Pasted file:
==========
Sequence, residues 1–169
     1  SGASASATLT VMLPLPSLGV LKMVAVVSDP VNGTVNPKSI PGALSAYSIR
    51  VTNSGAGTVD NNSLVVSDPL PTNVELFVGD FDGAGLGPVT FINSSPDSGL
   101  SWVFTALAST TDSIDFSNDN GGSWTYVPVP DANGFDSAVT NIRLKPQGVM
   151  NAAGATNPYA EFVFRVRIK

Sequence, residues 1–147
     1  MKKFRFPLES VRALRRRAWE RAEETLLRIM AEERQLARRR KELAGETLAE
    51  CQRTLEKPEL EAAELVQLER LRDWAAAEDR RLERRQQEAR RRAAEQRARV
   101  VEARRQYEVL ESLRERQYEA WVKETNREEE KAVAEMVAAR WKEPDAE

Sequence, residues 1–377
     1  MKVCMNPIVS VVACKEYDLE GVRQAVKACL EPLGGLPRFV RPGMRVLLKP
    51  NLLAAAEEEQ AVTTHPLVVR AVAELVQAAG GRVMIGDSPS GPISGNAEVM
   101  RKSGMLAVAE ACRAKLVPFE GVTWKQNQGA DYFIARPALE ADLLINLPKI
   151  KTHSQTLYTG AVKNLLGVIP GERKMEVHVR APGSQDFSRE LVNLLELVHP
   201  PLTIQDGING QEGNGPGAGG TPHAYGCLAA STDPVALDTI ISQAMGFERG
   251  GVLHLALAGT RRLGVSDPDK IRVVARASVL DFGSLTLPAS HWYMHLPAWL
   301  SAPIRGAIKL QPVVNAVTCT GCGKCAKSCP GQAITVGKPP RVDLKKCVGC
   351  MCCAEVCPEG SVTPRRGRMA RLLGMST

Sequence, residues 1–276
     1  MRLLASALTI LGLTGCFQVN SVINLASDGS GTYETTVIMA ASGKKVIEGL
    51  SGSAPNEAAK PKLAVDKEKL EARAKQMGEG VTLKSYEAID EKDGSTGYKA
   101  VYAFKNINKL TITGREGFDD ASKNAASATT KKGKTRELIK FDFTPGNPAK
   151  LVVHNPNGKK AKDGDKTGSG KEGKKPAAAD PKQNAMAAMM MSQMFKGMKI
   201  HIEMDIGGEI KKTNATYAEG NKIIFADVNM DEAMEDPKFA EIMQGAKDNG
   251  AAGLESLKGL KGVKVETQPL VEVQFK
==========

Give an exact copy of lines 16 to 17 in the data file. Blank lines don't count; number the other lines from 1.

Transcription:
   251  GVLHLALAGT RRLGVSDPDK IRVVARASVL DFGSLTLPAS HWYMHLPAWL
   301  SAPIRGAIKL QPVVNAVTCT GCGKCAKSCP GQAITVGKPP RVDLKKCVGC